On April 1st Irish premier Micheal Martin called for a “reset” of the relationship between the UK and the EU to resolve issues stemming from the Northern Ireland Protocol. Now it seems a large number of people were keen to get Irish passports since the Brexit vote.
The Taoiseach lamented the deterioration of diplomatic relations between the bloc and the UK following rows over Brexit and the supply of Covid-19 vaccines.
The Northern Ireland Protocol, designed to avoid a hard border on the island of Ireland post-Brexit, has caused unrest among both unionists and loyalists, who have called for it to be scrapped.
In an interview with the Financial Times, Mr Martin said he has told the EU the bloc’s relationship must be “constructive”.
He said: “I think we need to reset the relationship.
“I’ve made it very clear to our European Union partners that the British-Irish relationship is a unique one, historically rooted.
“We’re both joint custodians of the (Good Friday) Agreement and nothing can come between us in respect of making sure that we work constructively together.
“That’s our aim and our objective as a Government – to maintain a constructive relationship with Britain.”
The number of Irish passports issued in Britain surged following the Brexit vote, with a massive increase in 2019, reports the Independent.
Figures shared by Ireland’s foreign affairs minister Simon Coveney – which he said showed “the number of passports issued to applicants resident in Great Britain” – suggested that figure exceeded 422,000 between 2016 and 2020.
Some 46,400 and 63,500 Irish passports were issued to residents of Britain respectively in 2015 and 2016, the year the UK voted to leave the EU
This number rose to more than 120,000 in 2019 alone.
Neale Richmond, a member of parliament (TD) said: “The harsh impacts of Brexit and the attack on the rights of so many UK citizens has clearly motivated many to realise their Irish citizenship rights.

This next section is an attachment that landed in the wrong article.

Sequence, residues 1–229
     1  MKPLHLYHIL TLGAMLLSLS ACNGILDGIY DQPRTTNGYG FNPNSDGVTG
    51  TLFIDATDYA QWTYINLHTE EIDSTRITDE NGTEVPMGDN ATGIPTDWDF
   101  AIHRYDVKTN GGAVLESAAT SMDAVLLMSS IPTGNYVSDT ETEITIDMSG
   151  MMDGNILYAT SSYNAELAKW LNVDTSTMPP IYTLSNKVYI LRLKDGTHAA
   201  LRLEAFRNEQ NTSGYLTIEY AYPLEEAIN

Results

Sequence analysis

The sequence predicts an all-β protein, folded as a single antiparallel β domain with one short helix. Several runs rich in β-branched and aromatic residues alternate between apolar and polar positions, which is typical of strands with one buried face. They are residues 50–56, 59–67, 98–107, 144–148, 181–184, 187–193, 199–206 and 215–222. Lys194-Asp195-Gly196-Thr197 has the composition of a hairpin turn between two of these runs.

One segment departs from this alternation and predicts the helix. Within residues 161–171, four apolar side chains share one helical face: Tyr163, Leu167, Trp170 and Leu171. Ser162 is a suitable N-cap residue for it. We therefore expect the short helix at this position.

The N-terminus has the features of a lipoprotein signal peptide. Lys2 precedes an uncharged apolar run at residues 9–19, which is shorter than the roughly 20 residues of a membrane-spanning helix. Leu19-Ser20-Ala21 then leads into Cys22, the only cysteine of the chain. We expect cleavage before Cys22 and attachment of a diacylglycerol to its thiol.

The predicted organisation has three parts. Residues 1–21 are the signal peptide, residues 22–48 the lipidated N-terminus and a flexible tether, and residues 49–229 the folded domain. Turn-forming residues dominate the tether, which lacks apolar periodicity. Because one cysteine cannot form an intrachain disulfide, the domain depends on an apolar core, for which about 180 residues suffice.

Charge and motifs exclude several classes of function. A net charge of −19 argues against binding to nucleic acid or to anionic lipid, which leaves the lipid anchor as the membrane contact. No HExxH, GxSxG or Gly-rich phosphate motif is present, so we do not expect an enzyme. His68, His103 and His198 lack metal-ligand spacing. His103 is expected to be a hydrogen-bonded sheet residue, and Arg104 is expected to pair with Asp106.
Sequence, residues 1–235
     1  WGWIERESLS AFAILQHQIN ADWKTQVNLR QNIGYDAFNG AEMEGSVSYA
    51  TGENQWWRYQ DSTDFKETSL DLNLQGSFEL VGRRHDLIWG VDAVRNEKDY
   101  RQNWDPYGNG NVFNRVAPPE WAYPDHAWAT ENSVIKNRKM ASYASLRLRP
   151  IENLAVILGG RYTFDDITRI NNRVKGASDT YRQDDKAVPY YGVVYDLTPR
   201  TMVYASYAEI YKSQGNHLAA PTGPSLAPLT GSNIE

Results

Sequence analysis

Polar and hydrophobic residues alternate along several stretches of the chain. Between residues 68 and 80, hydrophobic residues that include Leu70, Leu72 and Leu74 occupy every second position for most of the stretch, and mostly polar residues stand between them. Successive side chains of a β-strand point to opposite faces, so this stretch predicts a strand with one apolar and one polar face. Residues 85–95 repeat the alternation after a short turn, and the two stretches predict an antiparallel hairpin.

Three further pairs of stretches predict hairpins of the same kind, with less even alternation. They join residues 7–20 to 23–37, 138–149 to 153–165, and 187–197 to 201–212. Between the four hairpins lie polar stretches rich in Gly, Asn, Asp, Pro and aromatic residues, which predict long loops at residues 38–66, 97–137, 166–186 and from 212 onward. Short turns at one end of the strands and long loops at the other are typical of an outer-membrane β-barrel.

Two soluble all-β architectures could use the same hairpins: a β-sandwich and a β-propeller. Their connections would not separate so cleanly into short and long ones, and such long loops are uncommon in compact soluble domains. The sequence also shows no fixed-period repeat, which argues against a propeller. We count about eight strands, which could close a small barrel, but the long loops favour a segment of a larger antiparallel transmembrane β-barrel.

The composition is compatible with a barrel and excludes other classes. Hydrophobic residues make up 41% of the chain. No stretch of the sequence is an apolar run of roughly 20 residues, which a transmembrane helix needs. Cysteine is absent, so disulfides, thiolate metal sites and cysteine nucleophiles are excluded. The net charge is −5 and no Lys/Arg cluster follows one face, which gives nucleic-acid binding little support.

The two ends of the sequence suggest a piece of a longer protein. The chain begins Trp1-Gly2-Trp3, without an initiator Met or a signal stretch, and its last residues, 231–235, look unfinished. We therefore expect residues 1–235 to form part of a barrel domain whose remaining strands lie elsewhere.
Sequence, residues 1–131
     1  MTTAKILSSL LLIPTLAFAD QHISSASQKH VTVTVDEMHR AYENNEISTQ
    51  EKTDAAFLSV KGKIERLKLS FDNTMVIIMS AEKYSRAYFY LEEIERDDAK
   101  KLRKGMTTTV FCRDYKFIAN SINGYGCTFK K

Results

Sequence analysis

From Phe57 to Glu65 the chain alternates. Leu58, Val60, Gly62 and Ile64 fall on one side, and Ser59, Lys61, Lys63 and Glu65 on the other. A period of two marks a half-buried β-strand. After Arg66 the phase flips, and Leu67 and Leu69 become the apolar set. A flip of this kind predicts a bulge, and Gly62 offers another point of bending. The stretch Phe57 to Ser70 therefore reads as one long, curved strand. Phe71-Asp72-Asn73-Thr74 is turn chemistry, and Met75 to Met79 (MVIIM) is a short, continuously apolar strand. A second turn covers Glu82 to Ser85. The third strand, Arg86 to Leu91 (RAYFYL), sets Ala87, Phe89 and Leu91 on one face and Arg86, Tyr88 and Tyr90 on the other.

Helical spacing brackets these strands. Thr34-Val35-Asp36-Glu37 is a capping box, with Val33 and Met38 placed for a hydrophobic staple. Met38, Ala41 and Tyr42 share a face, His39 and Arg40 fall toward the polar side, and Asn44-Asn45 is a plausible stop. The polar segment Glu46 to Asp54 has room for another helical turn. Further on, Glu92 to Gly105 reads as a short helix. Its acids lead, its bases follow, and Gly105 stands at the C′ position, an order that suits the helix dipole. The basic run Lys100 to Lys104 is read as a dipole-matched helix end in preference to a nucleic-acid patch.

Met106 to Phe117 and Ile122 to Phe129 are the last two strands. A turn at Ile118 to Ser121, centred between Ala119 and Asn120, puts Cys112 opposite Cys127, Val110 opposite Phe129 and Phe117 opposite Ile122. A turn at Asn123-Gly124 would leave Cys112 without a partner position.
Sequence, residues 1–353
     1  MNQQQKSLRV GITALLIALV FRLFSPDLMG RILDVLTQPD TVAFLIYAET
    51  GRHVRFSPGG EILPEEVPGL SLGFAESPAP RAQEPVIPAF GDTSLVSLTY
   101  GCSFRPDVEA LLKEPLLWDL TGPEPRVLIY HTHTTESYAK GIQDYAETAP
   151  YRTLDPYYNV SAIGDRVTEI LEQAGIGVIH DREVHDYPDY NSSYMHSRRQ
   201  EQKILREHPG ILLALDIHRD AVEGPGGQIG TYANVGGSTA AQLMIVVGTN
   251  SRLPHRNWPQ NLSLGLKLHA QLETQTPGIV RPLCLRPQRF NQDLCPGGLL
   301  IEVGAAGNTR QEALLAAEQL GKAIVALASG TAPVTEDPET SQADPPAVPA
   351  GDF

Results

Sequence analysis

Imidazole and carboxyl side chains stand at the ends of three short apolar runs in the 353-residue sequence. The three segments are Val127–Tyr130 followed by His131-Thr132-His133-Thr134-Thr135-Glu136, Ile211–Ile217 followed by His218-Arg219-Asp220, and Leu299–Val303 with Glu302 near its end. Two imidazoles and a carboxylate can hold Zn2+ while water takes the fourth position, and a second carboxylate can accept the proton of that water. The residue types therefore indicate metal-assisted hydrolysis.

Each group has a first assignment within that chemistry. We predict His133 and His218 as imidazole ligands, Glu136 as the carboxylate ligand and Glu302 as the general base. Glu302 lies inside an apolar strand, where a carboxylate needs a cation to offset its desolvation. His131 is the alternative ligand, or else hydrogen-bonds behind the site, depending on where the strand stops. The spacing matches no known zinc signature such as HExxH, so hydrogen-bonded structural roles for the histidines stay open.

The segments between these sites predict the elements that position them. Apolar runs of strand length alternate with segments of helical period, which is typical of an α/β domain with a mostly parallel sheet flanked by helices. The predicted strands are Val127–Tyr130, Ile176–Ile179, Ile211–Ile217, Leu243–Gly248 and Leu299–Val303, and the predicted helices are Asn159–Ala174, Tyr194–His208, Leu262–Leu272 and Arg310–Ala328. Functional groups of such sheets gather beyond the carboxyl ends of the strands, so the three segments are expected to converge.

“We are proud of the global Irish community and take pride in every passport issued, needless to say if any of our diaspora wish to come home, they’ll be more than welcome.”
Some 30 petrol bombs were thrown at police in what has been termed an “orchestrated attack” during a further night of disorder in Northern Ireland.
Police were attacked in Newtownabbey on the outskirts of Belfast on Saturday, after violent scenes in the Sandy Row area in the city as well as in Londonderry on Friday.
Police said it was the fifth consecutive night of disorder in Derry on Friday, when 12 officers were injured by a large group throwing masonry, bottles, petrol bombs and fireworks.
Some 27 police officers were injured on Friday night across Belfast and Derry.
North Area Commander Chief Superintendent Davy Beck said 30 petrol bombs were thrown at officers and three cars set alight in Newtownabbey on Saturday.
He said from around 7.30pm to 10.30pm a crowd of 20 to 30 people, including young people and older men, some of whom were wearing masks, gathered in the O’Neill Road/Cloughfern area.
“In total 30 petrol bombs were thrown at police and three vehicles were hijacked and set on fire,” he said.
“One man aged 47 was arrested and he currently remains in police custody.”